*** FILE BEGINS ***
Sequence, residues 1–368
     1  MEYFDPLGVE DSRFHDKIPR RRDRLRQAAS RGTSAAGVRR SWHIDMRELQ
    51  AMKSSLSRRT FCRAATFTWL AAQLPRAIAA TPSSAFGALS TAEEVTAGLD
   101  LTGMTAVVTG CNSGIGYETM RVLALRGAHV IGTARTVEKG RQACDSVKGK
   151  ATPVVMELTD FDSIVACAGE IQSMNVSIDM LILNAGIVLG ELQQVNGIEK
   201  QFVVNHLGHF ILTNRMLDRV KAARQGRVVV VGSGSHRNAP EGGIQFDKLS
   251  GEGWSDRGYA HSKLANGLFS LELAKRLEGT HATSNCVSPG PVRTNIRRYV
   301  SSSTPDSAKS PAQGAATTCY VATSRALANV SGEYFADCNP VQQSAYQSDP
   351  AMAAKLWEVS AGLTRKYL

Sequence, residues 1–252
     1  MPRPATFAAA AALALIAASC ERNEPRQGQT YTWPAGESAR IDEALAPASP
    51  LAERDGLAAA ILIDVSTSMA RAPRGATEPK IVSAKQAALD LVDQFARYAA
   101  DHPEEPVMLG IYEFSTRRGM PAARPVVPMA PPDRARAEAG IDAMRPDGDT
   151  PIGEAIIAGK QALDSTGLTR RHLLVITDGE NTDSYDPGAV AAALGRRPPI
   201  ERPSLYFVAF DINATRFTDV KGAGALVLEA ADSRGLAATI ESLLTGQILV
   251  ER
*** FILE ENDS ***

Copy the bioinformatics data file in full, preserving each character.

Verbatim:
Sequence, residues 1–368
     1  MEYFDPLGVE DSRFHDKIPR RRDRLRQAAS RGTSAAGVRR SWHIDMRELQ
    51  AMKSSLSRRT FCRAATFTWL AAQLPRAIAA TPSSAFGALS TAEEVTAGLD
   101  LTGMTAVVTG CNSGIGYETM RVLALRGAHV IGTARTVEKG RQACDSVKGK
   151  ATPVVMELTD FDSIVACAGE IQSMNVSIDM LILNAGIVLG ELQQVNGIEK
   201  QFVVNHLGHF ILTNRMLDRV KAARQGRVVV VGSGSHRNAP EGGIQFDKLS
   251  GEGWSDRGYA HSKLANGLFS LELAKRLEGT HATSNCVSPG PVRTNIRRYV
   301  SSSTPDSAKS PAQGAATTCY VATSRALANV SGEYFADCNP VQQSAYQSDP
   351  AMAAKLWEVS AGLTRKYL

Sequence, residues 1–252
     1  MPRPATFAAA AALALIAASC ERNEPRQGQT YTWPAGESAR IDEALAPASP
    51  LAERDGLAAA ILIDVSTSMA RAPRGATEPK IVSAKQAALD LVDQFARYAA
   101  DHPEEPVMLG IYEFSTRRGM PAARPVVPMA PPDRARAEAG IDAMRPDGDT
   151  PIGEAIIAGK QALDSTGLTR RHLLVITDGE NTDSYDPGAV AAALGRRPPI
   201  ERPSLYFVAF DINATRFTDV KGAGALVLEA ADSRGLAATI ESLLTGQILV
   251  ER